Kishan S. Rana graduated in Economics (BA Hons and MA) from St. Stephen’s College, Delhi and served in the Indian Foreign Service from 1965 to 1995. He was India's Ambassador/High Commissioner to Algeria, Czechoslovakia, Kenya, Mauritius, and Germany, and was on staff of Prime Minister Indira Gandhi in 1981-82. He currently holds positions as Professor Emeritus of DiploFoundation, Malta and Geneva and is an Honorary Fellow at the Institute of Chinese Studies, Delhi. He is also an archives by-fellow at Churchill College, Cambridge, and Public Policy Scholar at Woodrow Wilson Centre, Washington DC. He serves currently as guest faculty at the Diplomatic Academy, Vienna, and was a Commonwealth Adviser to the Namibia Foreign Ministry in 2000-01.
His books include: Inside Diplomacy (2000); Managing Corporate Culture (co-author, 2000); Bilateral Diplomacy (2002); The 21st Century Ambassador (2004); Asian Diplomacy (2007); Diplomacy of the 21st Century (2011); India’s North-East States, the BCIM Forum and Regional Integration, (co-author, 2012); The Contemporary Embassy (2013),and was the co-editor of Foreign Ministries (2007) and Economic Diplomacy(2011) Special Issue, International Journal of Diplomacy and Economy, (Nov 2013). His two books have been translated into Chinese and used as textbooks at universities, and has authored about 80 articles for academic journals and newspapers. He is currently working on two book projects.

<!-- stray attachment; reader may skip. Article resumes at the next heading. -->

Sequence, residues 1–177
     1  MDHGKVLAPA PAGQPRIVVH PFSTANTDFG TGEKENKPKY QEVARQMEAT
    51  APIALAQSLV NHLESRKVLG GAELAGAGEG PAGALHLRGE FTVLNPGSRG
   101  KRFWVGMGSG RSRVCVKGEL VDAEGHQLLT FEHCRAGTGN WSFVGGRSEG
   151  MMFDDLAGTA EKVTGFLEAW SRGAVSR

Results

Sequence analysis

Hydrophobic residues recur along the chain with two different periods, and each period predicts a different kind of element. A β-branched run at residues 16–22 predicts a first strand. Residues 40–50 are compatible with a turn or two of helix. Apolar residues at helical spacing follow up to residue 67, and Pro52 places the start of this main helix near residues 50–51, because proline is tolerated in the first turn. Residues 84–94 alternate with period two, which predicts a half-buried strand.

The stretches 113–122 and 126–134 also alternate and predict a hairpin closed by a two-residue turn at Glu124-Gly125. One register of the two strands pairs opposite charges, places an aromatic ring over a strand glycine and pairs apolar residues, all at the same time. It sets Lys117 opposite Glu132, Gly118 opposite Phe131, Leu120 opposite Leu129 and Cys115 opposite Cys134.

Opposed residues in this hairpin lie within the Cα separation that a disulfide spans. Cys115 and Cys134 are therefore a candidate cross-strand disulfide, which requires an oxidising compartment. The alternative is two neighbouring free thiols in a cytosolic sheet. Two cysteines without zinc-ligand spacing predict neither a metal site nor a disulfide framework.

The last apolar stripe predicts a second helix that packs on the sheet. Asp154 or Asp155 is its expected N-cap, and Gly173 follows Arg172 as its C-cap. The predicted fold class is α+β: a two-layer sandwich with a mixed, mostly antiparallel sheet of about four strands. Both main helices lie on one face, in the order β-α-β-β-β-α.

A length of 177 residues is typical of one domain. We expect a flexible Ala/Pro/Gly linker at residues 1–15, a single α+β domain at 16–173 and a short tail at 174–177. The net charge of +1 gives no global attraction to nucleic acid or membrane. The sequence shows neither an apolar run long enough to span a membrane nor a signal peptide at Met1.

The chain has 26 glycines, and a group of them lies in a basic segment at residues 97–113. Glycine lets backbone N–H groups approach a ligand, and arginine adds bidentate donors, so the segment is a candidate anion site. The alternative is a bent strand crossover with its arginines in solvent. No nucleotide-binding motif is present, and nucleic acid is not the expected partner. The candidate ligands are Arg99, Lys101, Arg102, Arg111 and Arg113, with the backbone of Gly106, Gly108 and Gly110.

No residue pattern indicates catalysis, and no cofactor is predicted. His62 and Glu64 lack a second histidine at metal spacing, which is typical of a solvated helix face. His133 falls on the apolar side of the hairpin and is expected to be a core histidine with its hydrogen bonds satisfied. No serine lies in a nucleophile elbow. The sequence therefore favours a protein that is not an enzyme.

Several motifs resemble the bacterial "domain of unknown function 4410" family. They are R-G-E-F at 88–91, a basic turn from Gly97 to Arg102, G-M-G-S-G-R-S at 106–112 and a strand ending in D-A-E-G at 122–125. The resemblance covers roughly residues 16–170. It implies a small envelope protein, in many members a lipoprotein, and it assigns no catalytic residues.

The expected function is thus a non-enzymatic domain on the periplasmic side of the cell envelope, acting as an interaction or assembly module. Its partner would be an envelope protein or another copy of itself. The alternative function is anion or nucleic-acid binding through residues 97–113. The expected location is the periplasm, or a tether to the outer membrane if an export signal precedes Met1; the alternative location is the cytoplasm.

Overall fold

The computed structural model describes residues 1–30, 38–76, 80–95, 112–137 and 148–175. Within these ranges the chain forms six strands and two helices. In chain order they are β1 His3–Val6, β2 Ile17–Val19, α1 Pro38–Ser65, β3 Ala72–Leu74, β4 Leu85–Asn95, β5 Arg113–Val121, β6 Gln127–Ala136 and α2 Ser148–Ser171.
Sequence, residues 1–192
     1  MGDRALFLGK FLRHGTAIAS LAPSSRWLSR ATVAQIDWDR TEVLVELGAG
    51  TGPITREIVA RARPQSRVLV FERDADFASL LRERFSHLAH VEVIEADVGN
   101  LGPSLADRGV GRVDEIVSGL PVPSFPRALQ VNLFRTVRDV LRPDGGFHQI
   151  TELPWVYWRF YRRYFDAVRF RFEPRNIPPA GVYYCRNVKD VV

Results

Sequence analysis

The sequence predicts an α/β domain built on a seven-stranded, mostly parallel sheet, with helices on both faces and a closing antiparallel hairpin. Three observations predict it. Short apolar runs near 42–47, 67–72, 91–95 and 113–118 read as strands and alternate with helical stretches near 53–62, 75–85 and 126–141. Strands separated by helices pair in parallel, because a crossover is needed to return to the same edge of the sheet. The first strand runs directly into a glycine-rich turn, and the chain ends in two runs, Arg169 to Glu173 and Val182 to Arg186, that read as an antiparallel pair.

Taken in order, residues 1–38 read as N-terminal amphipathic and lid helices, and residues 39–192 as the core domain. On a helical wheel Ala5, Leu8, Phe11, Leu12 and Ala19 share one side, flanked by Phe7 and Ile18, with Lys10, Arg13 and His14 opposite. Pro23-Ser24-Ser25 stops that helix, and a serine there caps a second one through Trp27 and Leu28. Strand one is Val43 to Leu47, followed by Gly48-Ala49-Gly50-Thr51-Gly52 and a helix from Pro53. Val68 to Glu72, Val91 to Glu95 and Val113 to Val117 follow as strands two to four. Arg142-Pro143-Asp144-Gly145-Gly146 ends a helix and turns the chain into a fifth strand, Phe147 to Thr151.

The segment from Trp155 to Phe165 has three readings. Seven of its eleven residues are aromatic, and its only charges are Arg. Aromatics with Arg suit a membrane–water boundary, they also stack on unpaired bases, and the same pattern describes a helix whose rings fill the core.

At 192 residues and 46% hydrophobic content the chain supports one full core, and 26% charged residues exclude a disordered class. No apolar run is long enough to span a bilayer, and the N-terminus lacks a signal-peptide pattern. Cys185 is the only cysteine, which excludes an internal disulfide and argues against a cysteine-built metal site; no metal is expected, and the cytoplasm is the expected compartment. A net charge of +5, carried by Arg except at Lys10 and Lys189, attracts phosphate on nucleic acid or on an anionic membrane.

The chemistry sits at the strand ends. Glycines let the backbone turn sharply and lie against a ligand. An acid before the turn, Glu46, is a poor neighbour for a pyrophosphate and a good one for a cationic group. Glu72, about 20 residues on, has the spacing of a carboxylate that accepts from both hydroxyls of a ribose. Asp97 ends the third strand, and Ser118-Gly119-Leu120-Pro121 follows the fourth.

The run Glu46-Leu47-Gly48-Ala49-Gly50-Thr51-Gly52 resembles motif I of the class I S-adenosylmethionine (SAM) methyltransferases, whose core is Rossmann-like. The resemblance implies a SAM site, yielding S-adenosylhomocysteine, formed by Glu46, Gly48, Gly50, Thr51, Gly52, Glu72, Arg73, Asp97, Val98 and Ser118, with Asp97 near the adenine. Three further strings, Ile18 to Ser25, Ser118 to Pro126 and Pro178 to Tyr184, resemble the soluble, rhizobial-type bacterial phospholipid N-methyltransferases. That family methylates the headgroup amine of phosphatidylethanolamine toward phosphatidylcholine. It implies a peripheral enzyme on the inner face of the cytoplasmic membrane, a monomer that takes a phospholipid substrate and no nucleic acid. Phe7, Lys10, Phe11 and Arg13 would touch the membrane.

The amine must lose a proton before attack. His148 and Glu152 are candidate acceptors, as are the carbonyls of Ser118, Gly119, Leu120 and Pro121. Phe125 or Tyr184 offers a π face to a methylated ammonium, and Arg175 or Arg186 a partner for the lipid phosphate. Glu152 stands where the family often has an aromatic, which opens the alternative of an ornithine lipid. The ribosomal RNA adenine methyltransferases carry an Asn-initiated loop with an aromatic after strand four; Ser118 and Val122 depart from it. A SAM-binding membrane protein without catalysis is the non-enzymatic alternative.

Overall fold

Does India have a strategic culture?
This account of India’s foreign policy under Jawaharlal Nehru and Indira Gandhi is an accomplished body of research into a period, usually studied primarily for India’s Non-Aligned Movement.
The Belt and Road Initiative, China’s foreign policy hallmark, faces problems over magnitude, mismanagement, and excessive indebtedness for the recipient countries.
As a rising power, India needs a foreign policy that projects its interests and its future possibilities...
The essay examines BRI in terms of China’s direct economic, political and domestic interests, the funding arrangements for its projects, including aid and loans, and the potential gains for the countries and the regions that are to participate in the connectivity and infrastructure oriented projects, including the maritime projects. It looks closely at the China-Pakistan Economic Corridor, and the possible connectivity gains that participating countries may obtain among themselves, suggesting that what is being created are ‘international public goods’, even if China has not yet engaged in participatory, comprehensive and equal dialogue among all that are current and potential beneficiaries of BRI actions.
Comprehensive diplomatic goals, broken down into action plans for embassies, needed
As a significant global player, India has to play a more nuanced, multilayered diplomatic game
China is an arrived major power, the world's second largest. India is an emerging power aspiring to major status.
Is the idea of cooperative governance, in which governing coalitions and opposing parties actually join in tackling real issues, truly beyond our ken?
Last week in Shanghai, Indian and Chinese firms signed joint work plans. That is the way to go - compete, but also cohabit if feasible
Four major political takeaways from Narendra Modi's much-anticipated trip to China
India cannot resent neighbours moving ahead with infrastructure projects that serve their interests, funded by Chinese munificence
What are the key characteristics of the diplomacy of India and China? To what extent is diplomatic capacity an issue in the management of a country’s foreign policy?
Diplomacy process, and foreign affairs
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